Recording the video for “Death In General” was absolutely spectacular. After finishing up our North American Tour at The Whisky in Hollywood, we got up at 5am the next morning and drove into the desert. Joshua Tree is truly a magical place and was the perfect setting for this song and the mystical feeling it generates. Blind Melon guitarist Christopher Thorn was very kind to let us use his land for the shoot and he also welcomed us into his home. Director Hristo Shindov and his assistants did a fantastic job, capturing the vibe of the song with stunning footage. The dancers, Daisy and Flannery also did an absolute outstanding job, as they danced in the sunset. Truly magical. We are very proud to present this video for one of the most powerful songs that we have ever written. Hope you enjoy it and that you somewhat can imagine the feeling we had while recording it! We highly recommend sipping on a real good tequila or mezcal while watching it…”
Soilwork kicks off their year-end tour of Europe tonight, “The Tour Majestic”, in Malmö, Sweden. Support comes from Hatesphere and T.A.N.K.
Soilwork tour dates, with Hatesphere and T.A.N.K.
Nov 27: KB – Malmö (SE)
Nov 28: X-Herford – Herford (DE)
Nov 29: Kufa – Lyss (SI)
Nov 30: Le Port Franc – Sion (SI)
Dec 01: Colony Club – Brescia (IT)
Dec 02: Backstage Halle – Munich (DE)
Dec 03: Schlachthof – Wiesbaden (DE)
Dec 04: Hellraiser – Leipzig (DE)
Dec 05: Winter Basinfire Fest (CZ)
Dec 06: Bi Nuu – Berlin (DE)
Dec 07: Logo – Hamburg (DE)
Dec 08: Luxor – Koln (DE)
Dec 10: 013 – Tillburg (NL)
Dec 11: Biebob – Vooselaar (BE)
Dec 12: Les Trinitaires – Metz (FR)
Dec 13: Les 4 ecluses – Dunkerque (FR)
Dec 14: Trabendo – Paris (FR)
Dec 15: Antipode – Rennes (FR)
Dec 16: Rocher de Palmer – Bordeaux (FR)
Dec 17: Le Chato’do – Blois (FR)
Dec 18: CC John Lennon – Limoges (FR)
Dec 19: CCO – Lyon (FR)
Motörhead‘s Phil Campbell was suddenly rushed to the hospital today and the band had to cancel their sold-out show this evening in Berlin, DE. The band released a statement on Campbell:
“He will be better soon but there is no choice other than to cancel our show in Berlin. We all wish Phil a speedy recovery.”
No word from the band yet if their will be able to perform at their next show, Sporthalle in Hamburg tomorrow, on Saturday November 28. We wish Phil a speedy recovery.
Slayer, Testament and Carcass will team up as an impressive package tour this spring in the USA, as revealed by a flyer passed out at the final date of the King Diamond tour this past week. Revealing a March 3rd date for a show at Philadelphia’s Fillmore venue, the announcement lends credence to the rumors that have circulated about a US tour for Slayer. Slayer has toured Europe this fall with Anthrax since the release of Repentless (Nuclear Blast) last September.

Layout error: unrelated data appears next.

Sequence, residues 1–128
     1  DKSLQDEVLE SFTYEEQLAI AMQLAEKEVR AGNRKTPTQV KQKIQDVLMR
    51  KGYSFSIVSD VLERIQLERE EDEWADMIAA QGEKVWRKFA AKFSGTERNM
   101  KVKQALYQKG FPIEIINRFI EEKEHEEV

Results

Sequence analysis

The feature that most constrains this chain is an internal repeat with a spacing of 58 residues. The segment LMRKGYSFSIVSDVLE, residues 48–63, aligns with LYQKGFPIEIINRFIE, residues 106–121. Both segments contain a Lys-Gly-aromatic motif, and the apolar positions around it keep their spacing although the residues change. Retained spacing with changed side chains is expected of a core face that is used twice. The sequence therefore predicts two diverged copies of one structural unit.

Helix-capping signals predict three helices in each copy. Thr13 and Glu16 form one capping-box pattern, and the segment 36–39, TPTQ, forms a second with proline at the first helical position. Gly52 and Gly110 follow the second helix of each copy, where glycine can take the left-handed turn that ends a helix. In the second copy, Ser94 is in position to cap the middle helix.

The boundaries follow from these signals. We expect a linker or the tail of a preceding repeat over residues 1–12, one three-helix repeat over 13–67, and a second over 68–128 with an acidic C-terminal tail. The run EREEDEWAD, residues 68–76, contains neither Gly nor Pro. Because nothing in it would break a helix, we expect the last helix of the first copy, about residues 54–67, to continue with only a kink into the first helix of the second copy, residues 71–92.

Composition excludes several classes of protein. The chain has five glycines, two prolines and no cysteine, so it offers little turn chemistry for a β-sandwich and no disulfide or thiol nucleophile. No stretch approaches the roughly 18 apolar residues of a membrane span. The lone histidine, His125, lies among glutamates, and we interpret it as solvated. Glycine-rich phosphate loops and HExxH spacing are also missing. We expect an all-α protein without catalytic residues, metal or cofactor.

What makes a “classic”? In the case of Mayhem’s Live In Leipzig (Peaceville) it’s primarily down to what it represents – not only the closest thing to a full album by the classic line-up of Mayhem (itself awarded the c-word at least in part for the fact that two of them were dead by violence within three years), but an important document in the development of both a scene and a genre. It’s impossible to look into the early days of “second wave BM” without running into a reference to Live In Leipzig, and it still regularly appears in lists of the most important releases in the genre. References to it tend to spend longer talking about its classic status, the “atmosphere” or the events of the scene it helped give birth to than the music itself, which can cause alarm bells to ring.
Setting everything else aside for the moment, then, the first thing to say about the music is that it’s RAW. Not just the sound – which is better than you may be expecting, especially in its’ remastered form – but the song-writing and playing too. People already familiar with the band after Dead’s… er… death may be surprised – the mystical, sinister atmosphere of De Mysteriis Dom Sathanas (Deathlike Silence) is thin on the ground, and the experimentalism that the band embraced in their later years is entirely absent. Early tracks like ‘Necrolust’ and ‘Carnage’ push their Thrash and Venom influences to the front, and even DMDS tracks are more savage and direct than their studio incarnations.
Traditional wisdom has Dead being the quintessential Mayhem vocalist, but his style is much more straightforward and orthodox than that of Maniac or Attila – fans of the latter in particular may be disappointed with lines like “in the middle of Transylvania” delivered in a straight rasp rather than Atilla’s vampire drag-queen tenor. The quality he’s so treasured for, of course, is authenticity – it’s hard to deny the genuine rage and alienation of a man who shot himself in the head five months after this performance – but the extent to which it really informs the music is a matter of personal interpretation. It’s precisely that “realness” and lack of irony that can transform Live In Leipzig into something more than the sum of its sloppy parts, but it’s hard to pin down objectively – one person’s “sloppy” is another’s “dangerous”.